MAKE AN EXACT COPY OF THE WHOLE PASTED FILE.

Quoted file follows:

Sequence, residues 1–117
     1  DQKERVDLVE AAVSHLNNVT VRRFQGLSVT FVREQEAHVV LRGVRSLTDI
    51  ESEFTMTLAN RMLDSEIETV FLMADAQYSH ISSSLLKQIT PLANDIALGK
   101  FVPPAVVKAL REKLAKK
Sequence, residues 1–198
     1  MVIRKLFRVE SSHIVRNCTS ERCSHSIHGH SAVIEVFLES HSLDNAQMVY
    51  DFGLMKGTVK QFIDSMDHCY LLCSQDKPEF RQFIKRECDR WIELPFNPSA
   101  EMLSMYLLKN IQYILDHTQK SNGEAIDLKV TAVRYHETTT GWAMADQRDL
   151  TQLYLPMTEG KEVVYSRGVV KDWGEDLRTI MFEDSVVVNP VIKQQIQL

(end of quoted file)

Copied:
Sequence, residues 1–117
     1  DQKERVDLVE AAVSHLNNVT VRRFQGLSVT FVREQEAHVV LRGVRSLTDI
    51  ESEFTMTLAN RMLDSEIETV FLMADAQYSH ISSSLLKQIT PLANDIALGK
   101  FVPPAVVKAL REKLAKK
Sequence, residues 1–198
     1  MVIRKLFRVE SSHIVRNCTS ERCSHSIHGH SAVIEVFLES HSLDNAQMVY
    51  DFGLMKGTVK QFIDSMDHCY LLCSQDKPEF RQFIKRECDR WIELPFNPSA
   101  EMLSMYLLKN IQYILDHTQK SNGEAIDLKV TAVRYHETTT GWAMADQRDL
   151  TQLYLPMTEG KEVVYSRGVV KDWGEDLRTI MFEDSVVVNP VIKQQIQL